Osteoporosis means ‘porous bone’ and is a health condition that weakens bones, making them fragile and more likely to break.

Osteoporosis is a condition that occurs when a person experiences significant loss of bone density due to deterioration of bone tissue. This causes bones to become fragile and more prone to fractures. Osteoporosis is a major public health threat for more than half of the population over 50.

The most common injuries in people with osteoporosis are broken wrists, broken hips, and broken spinal cord. However, fractures may also occur in other bones such as the arms, shoulders or pelvis. In more severe cases, a cough or sneeze can cause a broken rib or a broken vertebra. Osteoporosis is normally not painful until a bone is broken, however broken bones in the spine can be a long-term cause of pain. There are a variety of methods and tests used to diagnose and treat osteoporosis.

How is Osteoporosis Diagnosed?

Bone Mineral Density

In order to diagnose osteoporosis and assess the risk of bone breakage, as well as determine the type of treatment needed, doctors will most likely order a bone density scan. This scan is used to measure bone mineral density. It is commonly performed using dual-energy x-ray absorptiometry (DXA). Tissues and bone absorb a certain amount of x-rays and this amount is measured by the DXA machine which is correlated to bone mineral density.

The DXA machine converts bone density information into T – score and – Z score. The T- score measures the amount of bone you have compared to a population of younger people (age 30 years old). This T- score is used to estimate the risk of developing a fracture as well as if there is a need for drug therapy.T- score, > -1 represents a normal score with no osteoporosis while < -2.5 represents a higher risk of osteoporosis. Z- score is a measurement of how much bone you have compared to those within the same age and sex group.

Fracture

Other procedures may also be performed to determine if bone fractures have occurred due to osteoporosis.

A bone x-ray produces images of bones within the body. This procedure aids in the diagnosis of fractured bones, which may be caused by osteoporosis.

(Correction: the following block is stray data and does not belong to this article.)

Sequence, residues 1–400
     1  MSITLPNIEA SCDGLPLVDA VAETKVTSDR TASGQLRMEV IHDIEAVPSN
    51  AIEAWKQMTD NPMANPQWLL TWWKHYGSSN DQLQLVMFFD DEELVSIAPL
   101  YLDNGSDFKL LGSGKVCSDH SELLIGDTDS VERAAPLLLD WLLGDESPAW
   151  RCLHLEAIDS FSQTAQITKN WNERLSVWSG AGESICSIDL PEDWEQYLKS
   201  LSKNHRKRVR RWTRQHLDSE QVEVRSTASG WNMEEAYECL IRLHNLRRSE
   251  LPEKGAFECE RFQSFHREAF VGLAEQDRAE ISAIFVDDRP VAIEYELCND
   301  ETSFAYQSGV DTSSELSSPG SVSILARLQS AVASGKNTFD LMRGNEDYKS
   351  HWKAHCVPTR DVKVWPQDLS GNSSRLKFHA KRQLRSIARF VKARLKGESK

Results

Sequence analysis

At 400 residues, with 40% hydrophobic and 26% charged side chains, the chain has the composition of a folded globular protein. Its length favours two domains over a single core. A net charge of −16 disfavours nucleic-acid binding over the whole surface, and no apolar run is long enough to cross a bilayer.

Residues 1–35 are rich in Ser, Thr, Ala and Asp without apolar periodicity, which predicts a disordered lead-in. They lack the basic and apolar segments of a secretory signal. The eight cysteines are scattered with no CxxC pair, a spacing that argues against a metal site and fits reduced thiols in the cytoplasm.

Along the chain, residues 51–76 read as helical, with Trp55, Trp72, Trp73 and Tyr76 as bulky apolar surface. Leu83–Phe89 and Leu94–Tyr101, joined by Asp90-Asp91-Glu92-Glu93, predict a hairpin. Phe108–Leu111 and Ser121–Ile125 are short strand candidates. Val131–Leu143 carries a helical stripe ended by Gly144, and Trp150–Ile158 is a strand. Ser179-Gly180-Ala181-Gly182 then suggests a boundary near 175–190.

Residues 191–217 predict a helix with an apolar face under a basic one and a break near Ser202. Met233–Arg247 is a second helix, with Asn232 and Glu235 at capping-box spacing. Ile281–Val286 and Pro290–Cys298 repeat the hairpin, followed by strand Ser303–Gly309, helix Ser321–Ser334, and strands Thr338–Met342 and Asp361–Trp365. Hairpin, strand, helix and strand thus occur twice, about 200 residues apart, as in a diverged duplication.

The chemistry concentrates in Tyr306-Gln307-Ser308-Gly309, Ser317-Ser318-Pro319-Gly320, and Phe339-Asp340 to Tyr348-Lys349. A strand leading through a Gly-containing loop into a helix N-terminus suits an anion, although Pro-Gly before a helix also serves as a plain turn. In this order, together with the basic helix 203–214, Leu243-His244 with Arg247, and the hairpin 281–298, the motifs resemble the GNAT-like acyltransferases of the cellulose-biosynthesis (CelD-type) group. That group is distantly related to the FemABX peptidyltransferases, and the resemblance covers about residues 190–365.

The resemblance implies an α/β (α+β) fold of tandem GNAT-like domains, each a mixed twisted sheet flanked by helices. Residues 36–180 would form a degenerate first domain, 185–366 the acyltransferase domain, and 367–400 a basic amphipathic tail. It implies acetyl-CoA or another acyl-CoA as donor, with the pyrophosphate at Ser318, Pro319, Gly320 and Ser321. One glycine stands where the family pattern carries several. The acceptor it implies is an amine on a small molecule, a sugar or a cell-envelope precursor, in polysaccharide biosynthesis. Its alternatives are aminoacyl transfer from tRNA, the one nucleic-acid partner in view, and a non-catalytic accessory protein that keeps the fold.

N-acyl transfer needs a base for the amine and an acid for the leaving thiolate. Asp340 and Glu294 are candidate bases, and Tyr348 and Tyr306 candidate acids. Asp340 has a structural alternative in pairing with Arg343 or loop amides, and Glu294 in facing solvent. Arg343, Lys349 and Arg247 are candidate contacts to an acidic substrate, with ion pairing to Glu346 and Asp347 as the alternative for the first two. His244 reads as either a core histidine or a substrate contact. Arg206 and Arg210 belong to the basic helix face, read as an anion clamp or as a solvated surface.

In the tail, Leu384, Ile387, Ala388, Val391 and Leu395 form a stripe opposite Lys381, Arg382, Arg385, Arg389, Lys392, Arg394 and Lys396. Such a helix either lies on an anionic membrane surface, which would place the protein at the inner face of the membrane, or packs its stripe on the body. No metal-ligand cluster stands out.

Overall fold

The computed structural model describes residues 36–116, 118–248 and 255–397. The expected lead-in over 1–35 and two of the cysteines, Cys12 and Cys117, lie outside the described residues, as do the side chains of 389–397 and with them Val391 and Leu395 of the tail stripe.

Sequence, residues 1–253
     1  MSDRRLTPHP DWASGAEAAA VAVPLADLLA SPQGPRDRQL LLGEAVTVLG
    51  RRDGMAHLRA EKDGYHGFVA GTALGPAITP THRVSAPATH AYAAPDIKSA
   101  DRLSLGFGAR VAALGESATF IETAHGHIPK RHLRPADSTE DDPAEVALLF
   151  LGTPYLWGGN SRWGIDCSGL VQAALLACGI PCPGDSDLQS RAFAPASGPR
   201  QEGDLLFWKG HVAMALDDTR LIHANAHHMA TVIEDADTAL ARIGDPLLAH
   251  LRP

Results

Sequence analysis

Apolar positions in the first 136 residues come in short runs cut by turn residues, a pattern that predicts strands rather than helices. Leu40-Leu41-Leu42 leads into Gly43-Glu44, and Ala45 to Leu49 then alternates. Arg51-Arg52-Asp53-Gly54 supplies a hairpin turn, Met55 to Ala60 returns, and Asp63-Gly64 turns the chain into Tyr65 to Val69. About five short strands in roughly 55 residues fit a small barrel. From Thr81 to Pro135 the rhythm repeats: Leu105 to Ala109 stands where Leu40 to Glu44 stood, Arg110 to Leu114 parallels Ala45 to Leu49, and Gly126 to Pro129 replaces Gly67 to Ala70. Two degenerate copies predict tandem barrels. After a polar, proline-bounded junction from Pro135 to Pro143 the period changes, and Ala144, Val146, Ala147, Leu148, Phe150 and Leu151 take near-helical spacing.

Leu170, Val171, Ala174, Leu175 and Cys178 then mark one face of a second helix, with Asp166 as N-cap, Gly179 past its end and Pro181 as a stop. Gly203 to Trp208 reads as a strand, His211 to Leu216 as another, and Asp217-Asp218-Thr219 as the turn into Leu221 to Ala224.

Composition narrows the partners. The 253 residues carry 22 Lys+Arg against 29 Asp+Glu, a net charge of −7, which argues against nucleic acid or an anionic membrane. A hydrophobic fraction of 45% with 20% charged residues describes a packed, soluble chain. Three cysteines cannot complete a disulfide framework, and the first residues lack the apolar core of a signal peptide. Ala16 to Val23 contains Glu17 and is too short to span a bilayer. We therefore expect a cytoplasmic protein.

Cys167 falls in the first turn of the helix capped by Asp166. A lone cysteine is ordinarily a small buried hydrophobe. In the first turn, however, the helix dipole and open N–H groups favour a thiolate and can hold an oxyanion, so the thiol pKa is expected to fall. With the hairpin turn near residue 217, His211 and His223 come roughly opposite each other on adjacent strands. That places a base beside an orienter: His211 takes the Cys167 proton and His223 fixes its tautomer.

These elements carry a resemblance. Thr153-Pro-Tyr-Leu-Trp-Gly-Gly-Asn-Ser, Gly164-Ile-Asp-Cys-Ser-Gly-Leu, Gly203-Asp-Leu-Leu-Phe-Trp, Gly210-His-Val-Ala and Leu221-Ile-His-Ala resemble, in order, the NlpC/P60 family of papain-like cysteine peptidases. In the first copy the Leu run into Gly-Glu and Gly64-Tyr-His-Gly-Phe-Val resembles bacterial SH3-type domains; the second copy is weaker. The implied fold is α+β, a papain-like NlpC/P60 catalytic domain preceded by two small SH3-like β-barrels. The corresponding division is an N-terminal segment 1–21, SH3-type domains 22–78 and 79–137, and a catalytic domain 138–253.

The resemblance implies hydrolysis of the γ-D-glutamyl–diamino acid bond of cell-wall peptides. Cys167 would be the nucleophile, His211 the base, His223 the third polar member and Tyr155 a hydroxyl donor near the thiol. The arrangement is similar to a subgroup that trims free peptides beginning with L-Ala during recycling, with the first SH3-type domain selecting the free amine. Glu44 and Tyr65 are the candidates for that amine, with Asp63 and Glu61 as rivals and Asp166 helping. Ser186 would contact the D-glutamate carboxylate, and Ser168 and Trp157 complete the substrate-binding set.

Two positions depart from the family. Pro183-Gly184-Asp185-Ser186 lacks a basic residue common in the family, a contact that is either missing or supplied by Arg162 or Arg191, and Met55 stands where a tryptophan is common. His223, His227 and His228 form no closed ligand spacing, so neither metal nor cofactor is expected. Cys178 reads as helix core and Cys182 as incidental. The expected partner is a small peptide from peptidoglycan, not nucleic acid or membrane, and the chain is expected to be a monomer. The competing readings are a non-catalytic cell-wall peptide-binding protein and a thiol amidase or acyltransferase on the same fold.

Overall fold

Another procedure which may be performed to check for fractures is a CT scan of the spine. This can also be used to measure bone density and determine whether fractures in the vertebrae are likely to occur.

Magnetic resonance imaging may also be performed to evaluate vertebral fractures for any evidence of an underlying disease, as well as to determine the age of the fracture. More recent fractures usually respond better to treatment.

FRAX Score

To determine the risk of injury, doctors have developed a tool known as the Fracture Risk Assessment Tool, or FRAX. This helps estimate your risk of having a hip or other major fracture in the next 10 years. FRAX is normally administered by a health care provider, and it involves answering several questions about your lifestyle habits such as alcohol intake and other disorders that may be linked to osteoporosis.

As this information is filled in, the tool calculates your FRAX scores. Knowing your 10-year risk for fractures is important since it allows you to make more informed decisions about your treatment. With a FRAX score of 3% or more for hip fractures, or 20% for other major osteoporosis fractures, you may be at increased risk of fractures.

Osteoporosis is a relatively common disease in the older population, which is why it’s highly important to be screened and diagnosed if you are showing any symptoms. If you or a loved one is showing any signs or symptoms of osteoporosis, visit Vejthani Hospital and take a diagnostic test to find out how to keep your bones healthy and strong.

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